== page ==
Campania Uncorked: 2010 Fiano di Avellino, TerreDora


“With drops of Jupiter in her hair, she acts like summer and walks like rain, she listens like spring and talks like June” ~ Train. 

Many folks like to describe wines as being either feminine or masculine, I too want to think of wine in that way and have often described Cabernet Sauvignon as masculine and the lighter, generally more delicate Pinot Noir as feminine. But in today's wine review spotlight, is a fantastic wine which is somewhere in between those two ends of the spectrum.

In Campania, you have the red wines from Taurasi which are big, strong and very masculine and Falanghina, a bit more of a delicate, feminine style of white wine. But the Fiano, a grape which thrives in volcanic soils, seems to fall somewhere in-between, reminding me a bit of the lyrics from that song, "Drops of Jupiter".

To me the Fiano I encountered in the bottle, just last week was very "tom-boyish" it definitely has a feminine side to it, but with plenty of, in your face, "these boots are made for walking" attitude. Now that's my kind of wine, in a cage match this wine would pummel chardonnay like a bad habit, frankly, it wouldn't be much of a contest. It would give everyone with the Chardonnay Conundrum, a new champion to fill their glasses, with wines that have a soul, and substance. The contrast to California Chardonnay is stark, enjoy some wine diversity. And believe me, having just judged 30 different Chardonnays and over 30 different Viogniers [SDIWC], all nearly monolithic wines; folks it's time for the wines of Campania to find a place in your own cellar and in your glass.

I brought this wine all the way home from my last trip to Italy, where there were some difficult choices had to make because of baggage weight issues. During the I had an opportunity to speak at the 2012 International Wine Tourism Conference and Workshop this past January. It was on the way to Campania, where I encountered the Fiano and was given a sample to take home.

This wine she signed and gave to me and each one of other wine-writers with me reminds me of our brilliant, smart and quick thinking host in Campania, Daniela Mastroberardino, President of Moviemiento Tourismo e Vino in Campania and owner of the Terredora Winery. As she speaks you can sense her passion and unrelenting desire to ring the bell, shout from the rooftops, that Campania is home to some of the world's very best wines. Wine destination tourism is alive and well in Campania, come to taste the flavors of this great land for yourself, you'll never be the same.

Our blogger wine-bus crew was sucker punched by a snow-storm the likes of which they had not seen in Campania since 1956, so to say it was a Monster Storm, is nowhere close to being an overstatement. Out itinerary had plans for us to visit, Terredora, but circumstances being what they were, I was so sad we missed out on that unique opportunity.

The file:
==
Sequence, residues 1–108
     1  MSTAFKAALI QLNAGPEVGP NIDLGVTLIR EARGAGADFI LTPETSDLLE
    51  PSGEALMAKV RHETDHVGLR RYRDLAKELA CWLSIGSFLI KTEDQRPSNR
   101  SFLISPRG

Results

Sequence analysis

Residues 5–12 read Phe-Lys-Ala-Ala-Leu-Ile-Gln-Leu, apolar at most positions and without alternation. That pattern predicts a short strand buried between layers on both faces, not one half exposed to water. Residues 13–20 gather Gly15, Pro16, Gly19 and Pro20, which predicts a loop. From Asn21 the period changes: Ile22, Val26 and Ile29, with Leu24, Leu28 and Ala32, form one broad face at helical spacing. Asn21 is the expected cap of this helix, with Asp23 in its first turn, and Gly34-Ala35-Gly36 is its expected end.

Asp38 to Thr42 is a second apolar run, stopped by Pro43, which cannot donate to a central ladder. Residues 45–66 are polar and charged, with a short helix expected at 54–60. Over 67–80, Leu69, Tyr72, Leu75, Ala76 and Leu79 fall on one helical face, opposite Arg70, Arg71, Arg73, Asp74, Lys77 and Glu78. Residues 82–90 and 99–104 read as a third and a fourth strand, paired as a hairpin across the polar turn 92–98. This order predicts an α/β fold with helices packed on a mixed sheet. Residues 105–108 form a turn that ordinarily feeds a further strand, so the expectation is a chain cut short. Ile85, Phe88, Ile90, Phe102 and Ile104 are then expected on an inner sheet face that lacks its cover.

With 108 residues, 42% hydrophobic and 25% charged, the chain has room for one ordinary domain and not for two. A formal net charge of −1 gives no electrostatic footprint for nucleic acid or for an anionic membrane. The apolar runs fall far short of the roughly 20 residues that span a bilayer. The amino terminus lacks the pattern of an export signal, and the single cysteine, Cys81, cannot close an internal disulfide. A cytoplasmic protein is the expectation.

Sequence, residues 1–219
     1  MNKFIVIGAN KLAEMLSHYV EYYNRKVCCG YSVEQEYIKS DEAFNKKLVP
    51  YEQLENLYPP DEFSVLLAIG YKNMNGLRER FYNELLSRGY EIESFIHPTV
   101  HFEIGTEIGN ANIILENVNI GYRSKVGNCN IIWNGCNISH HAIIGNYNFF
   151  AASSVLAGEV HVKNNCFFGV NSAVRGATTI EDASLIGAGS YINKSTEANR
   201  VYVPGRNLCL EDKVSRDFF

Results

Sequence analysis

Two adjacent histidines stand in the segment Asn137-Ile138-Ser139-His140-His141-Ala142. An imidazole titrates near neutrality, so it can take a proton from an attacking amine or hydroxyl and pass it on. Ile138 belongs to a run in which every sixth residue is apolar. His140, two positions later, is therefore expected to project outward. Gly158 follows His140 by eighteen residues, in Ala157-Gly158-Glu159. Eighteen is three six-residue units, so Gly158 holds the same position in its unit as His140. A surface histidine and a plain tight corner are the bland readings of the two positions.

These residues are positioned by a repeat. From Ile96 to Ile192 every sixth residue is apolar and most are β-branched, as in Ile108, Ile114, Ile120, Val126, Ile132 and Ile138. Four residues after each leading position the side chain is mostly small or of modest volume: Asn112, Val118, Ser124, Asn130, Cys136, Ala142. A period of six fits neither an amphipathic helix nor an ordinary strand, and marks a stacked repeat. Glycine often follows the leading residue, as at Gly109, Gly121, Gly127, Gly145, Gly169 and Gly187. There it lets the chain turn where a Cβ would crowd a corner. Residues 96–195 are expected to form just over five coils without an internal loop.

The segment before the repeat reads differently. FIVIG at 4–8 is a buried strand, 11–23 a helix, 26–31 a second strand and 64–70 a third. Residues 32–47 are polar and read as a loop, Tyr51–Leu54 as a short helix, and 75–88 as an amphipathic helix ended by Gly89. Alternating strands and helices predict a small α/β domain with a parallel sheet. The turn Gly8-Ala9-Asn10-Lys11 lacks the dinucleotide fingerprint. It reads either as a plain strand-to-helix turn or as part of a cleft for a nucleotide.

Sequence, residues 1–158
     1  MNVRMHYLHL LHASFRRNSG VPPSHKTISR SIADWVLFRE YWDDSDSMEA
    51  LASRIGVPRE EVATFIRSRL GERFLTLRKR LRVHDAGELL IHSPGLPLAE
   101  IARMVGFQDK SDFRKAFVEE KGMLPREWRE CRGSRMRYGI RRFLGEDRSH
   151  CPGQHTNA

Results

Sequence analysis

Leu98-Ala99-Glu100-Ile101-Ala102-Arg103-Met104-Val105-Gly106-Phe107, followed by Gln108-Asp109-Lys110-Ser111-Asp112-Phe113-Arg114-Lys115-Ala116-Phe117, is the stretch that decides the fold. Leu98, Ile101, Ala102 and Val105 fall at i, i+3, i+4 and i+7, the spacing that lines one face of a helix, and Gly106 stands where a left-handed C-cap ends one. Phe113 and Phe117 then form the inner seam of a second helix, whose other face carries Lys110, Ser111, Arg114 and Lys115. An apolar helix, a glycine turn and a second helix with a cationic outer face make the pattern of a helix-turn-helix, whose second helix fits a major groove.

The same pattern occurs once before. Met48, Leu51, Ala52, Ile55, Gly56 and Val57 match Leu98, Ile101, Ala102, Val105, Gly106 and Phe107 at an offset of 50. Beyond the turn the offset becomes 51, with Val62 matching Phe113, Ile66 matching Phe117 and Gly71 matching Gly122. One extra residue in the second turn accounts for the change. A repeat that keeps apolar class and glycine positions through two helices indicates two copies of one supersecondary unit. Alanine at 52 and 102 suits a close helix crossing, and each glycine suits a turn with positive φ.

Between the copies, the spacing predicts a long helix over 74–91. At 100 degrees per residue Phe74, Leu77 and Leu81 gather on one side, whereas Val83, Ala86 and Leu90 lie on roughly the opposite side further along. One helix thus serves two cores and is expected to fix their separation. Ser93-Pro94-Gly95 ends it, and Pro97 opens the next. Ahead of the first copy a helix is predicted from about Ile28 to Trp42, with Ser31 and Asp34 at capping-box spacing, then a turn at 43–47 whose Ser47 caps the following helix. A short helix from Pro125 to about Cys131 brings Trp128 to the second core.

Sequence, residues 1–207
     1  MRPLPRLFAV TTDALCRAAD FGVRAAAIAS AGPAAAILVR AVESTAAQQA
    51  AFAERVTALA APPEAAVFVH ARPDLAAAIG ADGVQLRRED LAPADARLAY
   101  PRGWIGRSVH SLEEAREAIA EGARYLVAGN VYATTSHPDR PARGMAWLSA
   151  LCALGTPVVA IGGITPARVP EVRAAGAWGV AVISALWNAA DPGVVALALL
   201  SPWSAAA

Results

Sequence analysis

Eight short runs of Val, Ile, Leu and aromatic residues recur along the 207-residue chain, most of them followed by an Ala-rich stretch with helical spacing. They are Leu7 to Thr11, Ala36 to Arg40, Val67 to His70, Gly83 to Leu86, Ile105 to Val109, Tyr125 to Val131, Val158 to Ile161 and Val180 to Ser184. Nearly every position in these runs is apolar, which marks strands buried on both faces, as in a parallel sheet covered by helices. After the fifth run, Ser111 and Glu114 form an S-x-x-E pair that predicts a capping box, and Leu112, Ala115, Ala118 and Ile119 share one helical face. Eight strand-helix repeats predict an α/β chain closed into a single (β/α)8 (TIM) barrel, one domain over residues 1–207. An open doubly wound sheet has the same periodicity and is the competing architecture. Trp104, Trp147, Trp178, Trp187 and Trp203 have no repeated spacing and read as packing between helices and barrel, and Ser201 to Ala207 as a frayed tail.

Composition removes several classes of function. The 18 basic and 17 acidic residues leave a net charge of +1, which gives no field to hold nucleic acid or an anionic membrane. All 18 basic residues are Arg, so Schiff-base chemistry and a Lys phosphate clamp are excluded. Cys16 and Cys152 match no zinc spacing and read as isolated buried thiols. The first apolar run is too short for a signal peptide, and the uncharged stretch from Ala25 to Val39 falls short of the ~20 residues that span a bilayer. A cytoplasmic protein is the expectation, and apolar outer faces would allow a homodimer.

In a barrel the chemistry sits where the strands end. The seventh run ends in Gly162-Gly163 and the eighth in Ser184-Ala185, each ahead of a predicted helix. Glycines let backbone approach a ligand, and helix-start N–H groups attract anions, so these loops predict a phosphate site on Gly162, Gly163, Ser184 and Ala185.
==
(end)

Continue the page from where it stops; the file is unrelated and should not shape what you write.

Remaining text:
Nonetheless, the ever buoyant and fast thinking Daniela quickly came up with a plan to make lemons into lemonade. She gave us a quick and fascinating tutorial on the wines of Campania. She then arranged with UNA Hotel il Molino's Chef Angelo D'Amico to come up with some dishes, to pair with the fantastic wines of Campania.


Chef D'Amico then proceeded to give us a quick cooking demo, on how to make, mouth-watering ten minutes, Campania comfort foods. One of oh-so-tasty but straightforward dishes he prepared, was a mixture of old bread mixed with sautéed garlic, onions and softened vegetables (hello comfort food), sprinkled with a Caciocavallo cheese, which really added some excellent depth to the dish and paired so wonderfully both the red and whites wines we encountered. Many of those wines produced from grapes, which sadly, I've had little to no exposure to in the past.

About the 2010 Fiano di Avellino, which Daniella graciously signed for us; to say it was a mouthwatering masterpiece, really does not give this wine enough credit. In the glass, gorgeous golden hay colored hue, on the nose honey from the hive, nectar, lemon, and lime rinds tickling the senses.

On the palate a beautifully executed mouth watering vibrant acidity, honey, toasted almonds, wet-stone, subtle lemon and lime notes like low hanging fruit, built upon an excellent structure. The finish is long and memorable, inviting slurp after slurp, the kind of wine that makes you sad when the last drop falls from the bottle.

This can be purchased stateside, it sells for $20 to $25 a bottle, I scored this wine 93 points, and in my mind, this is the perfect "comfort-food" wine. Even if you're not up to making a ten minute recipe, bust out the Chicken Pot pies, pour yourself a glass of chilled, but not cold Fiano, you'll find yourself in heaven.

As I've shared this remarkable story above, I have but one desire; folks please hear me on this point, you need to search out the beautiful wines of the Campania region for yourself and give them a swirl, your palate will never be the same. Personally, I was blown away by the many different flavors, excellent structure and natural pairing ability, which nearly every one of these wines brought to the table. Until next time folks sip long and prosper, cheers!

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